Those losses are pedestrian compared to the bloodbath in shares of Chinese private education companies, which have cratered 70% in the past week after news broke that the Chinese government may limit the firms’ profitability or force them to become nonprofits.
In light of these dramatic declines, what should investors do?
Buy the dip, says Ryan Cullen, CEO of Cullen Investment Group.
“There’s a little bit of overreaction by investors in terms of hearing the news from China, like, ‘Oh, they want [them] to become nonprofits,'” Cullen said. “That won’t happen.”
China has a history of following through on antitrust threats. The nation slapped Alibaba (BABA) with a record $2.8 billion fine in April after a months-long investigation into practices of Ant Group, Alibaba’s data-hungry financial technology subsidiary. In July, China crippled ride-sharing provider Didi Global (DIDI) by removing its app from stores, and shares fell 35%.
China’s private education sector is now under attack in part because the nation hopes to boost its birth rate by limiting the cost of raising children. That’s a stunning reversal from the one-child mandate the government enforced from 1980 to 2015. China relaxed its two-child policy earlier this year, and now allows couples to have up to three kids.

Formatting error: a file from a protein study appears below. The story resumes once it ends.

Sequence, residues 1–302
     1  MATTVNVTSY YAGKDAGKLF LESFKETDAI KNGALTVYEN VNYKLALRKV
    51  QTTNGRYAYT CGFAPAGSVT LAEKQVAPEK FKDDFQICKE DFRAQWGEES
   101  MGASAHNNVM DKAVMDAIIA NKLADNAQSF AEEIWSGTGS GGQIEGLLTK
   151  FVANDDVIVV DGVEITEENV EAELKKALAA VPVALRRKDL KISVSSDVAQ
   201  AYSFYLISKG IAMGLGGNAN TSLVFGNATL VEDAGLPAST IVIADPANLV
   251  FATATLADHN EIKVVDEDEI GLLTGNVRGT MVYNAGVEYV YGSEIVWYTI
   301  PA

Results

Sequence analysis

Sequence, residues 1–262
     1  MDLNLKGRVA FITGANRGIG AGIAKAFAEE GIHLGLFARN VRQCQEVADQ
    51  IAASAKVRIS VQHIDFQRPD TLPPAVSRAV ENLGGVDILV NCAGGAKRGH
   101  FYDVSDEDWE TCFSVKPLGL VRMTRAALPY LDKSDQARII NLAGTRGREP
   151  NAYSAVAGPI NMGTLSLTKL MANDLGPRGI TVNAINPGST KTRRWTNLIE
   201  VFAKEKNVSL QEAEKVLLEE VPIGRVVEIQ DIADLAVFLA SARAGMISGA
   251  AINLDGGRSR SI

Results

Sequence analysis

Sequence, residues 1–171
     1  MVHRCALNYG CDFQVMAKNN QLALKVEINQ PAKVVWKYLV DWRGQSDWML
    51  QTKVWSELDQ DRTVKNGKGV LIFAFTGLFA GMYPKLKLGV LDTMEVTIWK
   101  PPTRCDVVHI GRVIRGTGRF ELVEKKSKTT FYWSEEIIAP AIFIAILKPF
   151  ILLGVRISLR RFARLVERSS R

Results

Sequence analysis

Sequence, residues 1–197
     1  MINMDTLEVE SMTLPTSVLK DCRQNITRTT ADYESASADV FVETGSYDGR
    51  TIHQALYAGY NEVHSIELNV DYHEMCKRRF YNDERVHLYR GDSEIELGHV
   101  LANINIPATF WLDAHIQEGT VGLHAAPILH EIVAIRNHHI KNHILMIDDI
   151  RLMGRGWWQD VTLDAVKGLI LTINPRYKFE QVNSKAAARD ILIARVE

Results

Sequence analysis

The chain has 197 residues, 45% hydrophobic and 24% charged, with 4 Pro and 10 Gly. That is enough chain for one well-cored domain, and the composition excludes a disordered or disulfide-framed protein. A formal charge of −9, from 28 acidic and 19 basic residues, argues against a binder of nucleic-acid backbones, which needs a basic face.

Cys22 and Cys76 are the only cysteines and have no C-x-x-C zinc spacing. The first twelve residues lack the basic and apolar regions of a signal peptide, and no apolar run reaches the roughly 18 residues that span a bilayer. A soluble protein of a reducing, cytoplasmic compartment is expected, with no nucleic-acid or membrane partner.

But even if beaten-down Chinese education companies like New Oriental Education Group (EDU), TAL Education Group (TAL), and Youdao (DAO) see business dry up in China, their overseas operations can keep them afloat, Cullen said. He said he’s buying shares of all three at current levels.
Outside of the education sector, Cullen is broadly bullish on Chinese stocks, which make up about 20% of his portfolio. He said the Chinese market is too big to ignore and is bound for robust growth as it becomes less export-dependent.
China, the world’s second-largest economy by GDP, accounted for 41% of all global growth in 2019, according to Matthews Asia, and was the only major economy to expand in 2020 despite the pandemic. Cullen noted that Matthews Asia expects the nation’s growth through 2024 to be nearly as much as the US and Europe combined.
Regulatory concerns are an issue, Cullen admits, but he notes that the total market cap of Chinese stocks was $14.1 trillion entering the year, nearly double that of European stocks at $7.8 trillion.
“Does it really make sense to avoid a market that is roughly twice the size of the Eurozone?” Cullen said. “Because doing so would effectively be an enormously bearish bet on the world’s second-largest economy.”